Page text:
In a digital rectal examination (DRE), the doctor checks the prostate by putting a gloved, lubricated finger into the rectum to feel the back of the prostate gland. This allows him to feel the size of the gland and check for hard lumps, which could indicate cancer.
A rectal exam is extremely important in the assessment of prostate cancer and benign prostatic hyperplasia, an enlargement of the prostate with age, said Dr Ng Kok Kit, a senior consultant and the director of andrology service at Changi General Hospital's urology department.
"This is because the prostate gland cannot be seen or felt from outside the human body," he said.
A rectal exam allows doctors to assess the size and nature of the prostate gland, and the presence of a nodule there would require further assessment for prostate cancer, said Dr Ng.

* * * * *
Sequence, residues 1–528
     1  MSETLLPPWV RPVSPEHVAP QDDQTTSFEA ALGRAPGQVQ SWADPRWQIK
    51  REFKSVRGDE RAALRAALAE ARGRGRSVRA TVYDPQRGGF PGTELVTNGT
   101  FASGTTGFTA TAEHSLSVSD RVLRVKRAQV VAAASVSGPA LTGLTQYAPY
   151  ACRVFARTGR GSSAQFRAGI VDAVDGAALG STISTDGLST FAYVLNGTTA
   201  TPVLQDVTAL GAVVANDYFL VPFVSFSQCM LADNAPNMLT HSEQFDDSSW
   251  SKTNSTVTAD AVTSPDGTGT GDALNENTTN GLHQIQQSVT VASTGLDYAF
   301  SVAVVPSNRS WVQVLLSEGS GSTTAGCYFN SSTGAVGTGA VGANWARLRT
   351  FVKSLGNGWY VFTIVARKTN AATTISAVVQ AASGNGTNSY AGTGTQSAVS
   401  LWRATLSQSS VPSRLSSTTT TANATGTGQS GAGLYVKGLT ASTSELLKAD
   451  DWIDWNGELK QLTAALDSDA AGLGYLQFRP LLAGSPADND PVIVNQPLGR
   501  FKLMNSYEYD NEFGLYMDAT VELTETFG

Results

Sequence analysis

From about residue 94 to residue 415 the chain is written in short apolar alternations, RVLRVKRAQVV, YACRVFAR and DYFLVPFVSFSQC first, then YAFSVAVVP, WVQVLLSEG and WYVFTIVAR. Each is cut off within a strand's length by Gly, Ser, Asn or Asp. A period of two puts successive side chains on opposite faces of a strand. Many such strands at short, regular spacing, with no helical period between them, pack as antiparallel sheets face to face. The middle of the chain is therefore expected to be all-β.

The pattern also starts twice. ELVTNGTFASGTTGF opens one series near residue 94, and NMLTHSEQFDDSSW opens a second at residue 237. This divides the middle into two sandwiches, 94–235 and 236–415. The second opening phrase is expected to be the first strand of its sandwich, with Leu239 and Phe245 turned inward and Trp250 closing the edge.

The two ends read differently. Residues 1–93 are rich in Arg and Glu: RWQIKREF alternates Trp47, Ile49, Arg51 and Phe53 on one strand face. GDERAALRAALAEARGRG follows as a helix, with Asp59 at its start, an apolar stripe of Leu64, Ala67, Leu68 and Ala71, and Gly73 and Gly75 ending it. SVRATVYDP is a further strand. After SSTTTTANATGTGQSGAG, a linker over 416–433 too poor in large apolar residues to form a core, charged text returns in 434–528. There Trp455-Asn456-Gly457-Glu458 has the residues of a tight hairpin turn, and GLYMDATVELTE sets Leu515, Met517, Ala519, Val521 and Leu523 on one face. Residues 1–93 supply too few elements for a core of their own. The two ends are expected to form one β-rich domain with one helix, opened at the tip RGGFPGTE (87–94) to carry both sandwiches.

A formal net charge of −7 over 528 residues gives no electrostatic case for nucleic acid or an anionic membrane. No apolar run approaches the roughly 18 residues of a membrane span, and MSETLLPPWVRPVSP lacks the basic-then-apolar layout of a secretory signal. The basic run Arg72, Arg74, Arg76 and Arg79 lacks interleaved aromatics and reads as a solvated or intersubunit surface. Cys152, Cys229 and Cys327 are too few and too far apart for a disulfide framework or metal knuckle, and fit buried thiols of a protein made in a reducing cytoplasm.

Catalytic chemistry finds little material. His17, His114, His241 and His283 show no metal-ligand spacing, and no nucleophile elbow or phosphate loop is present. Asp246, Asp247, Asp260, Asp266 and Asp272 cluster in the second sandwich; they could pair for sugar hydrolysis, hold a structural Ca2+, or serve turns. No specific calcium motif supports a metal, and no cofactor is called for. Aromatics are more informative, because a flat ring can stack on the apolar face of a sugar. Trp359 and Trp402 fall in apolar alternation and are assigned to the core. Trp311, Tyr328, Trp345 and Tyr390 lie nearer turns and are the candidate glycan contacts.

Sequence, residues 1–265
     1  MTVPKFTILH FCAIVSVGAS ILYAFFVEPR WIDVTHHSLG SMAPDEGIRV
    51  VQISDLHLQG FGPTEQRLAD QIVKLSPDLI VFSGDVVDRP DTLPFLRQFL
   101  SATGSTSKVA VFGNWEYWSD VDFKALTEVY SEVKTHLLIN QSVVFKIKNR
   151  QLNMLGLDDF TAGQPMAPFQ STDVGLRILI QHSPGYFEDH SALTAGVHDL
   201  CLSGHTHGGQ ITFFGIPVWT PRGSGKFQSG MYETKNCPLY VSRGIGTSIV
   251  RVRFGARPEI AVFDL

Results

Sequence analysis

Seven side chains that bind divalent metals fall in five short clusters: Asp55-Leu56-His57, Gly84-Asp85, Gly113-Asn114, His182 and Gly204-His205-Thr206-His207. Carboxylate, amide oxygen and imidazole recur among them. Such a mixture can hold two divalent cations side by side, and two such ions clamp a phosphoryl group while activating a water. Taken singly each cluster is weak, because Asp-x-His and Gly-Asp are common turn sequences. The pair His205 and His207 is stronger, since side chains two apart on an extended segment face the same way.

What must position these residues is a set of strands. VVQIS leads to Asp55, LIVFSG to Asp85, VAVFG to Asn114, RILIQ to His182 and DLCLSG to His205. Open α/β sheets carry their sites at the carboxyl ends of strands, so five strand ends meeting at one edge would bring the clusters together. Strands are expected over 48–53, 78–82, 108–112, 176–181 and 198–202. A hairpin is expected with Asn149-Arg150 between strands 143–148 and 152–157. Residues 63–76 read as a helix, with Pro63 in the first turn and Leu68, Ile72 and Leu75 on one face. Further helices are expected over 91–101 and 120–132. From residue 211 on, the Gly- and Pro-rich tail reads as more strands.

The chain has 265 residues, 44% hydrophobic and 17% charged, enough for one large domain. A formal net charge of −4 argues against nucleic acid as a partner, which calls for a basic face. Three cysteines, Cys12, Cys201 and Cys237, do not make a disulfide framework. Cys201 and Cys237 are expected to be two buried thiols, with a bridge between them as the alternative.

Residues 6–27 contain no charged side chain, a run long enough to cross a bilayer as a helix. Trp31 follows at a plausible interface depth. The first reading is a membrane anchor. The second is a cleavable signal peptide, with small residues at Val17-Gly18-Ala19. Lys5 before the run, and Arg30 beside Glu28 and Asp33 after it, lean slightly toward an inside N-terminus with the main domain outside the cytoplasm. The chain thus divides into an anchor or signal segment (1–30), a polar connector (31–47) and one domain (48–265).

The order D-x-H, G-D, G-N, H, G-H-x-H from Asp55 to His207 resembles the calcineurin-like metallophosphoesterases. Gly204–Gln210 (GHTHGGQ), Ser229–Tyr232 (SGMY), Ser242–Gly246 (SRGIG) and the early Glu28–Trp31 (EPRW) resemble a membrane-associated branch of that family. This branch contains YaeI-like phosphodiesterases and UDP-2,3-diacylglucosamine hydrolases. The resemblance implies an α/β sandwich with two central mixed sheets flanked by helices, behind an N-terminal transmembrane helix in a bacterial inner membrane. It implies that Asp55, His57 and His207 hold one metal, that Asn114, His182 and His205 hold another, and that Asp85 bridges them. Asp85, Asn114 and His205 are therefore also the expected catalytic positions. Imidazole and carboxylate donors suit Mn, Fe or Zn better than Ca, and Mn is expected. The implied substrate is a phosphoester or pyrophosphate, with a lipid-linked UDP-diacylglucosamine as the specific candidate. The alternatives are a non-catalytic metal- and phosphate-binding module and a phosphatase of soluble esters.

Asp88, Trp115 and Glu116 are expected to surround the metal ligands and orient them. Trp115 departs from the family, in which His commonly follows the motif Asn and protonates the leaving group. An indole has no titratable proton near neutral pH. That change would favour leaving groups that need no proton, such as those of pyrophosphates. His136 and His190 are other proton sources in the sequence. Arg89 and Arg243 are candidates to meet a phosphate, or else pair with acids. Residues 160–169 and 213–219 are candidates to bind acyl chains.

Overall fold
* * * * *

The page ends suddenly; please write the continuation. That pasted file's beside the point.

The procedure is more commonly done at the primary-care level. In a specialist setting, said Dr Gerald Tan, a urologist in private practice, DREs are now "not commonly performed... as most urologists would have a bedside ultrasound machine for imaging the prostate and assessing its actual size."
Today, specialists perform DREs only to assess how aggressively prostate cancer has spread, and if it involves the surrounding structures, he said. Indeed, said Dr Ng, specialists have access to ultrasound machines, as well as other investigation tools such uroflowmetry, to help further assess prostate problems that are complicated or do not respond well to medications.
They are also able to carry out a prostate biopsy to diagnose prostate cancer.
"Primary practitioners, however, can assess prostate problems with a physical examination and an initial blood investigation," Dr Ng said.
They can perform a rectal exam to estimate the size of the prostate and check for prostate nodules, and do a prostate-specific antigen (PSA) blood test to check for suspected prostate cancer, he said.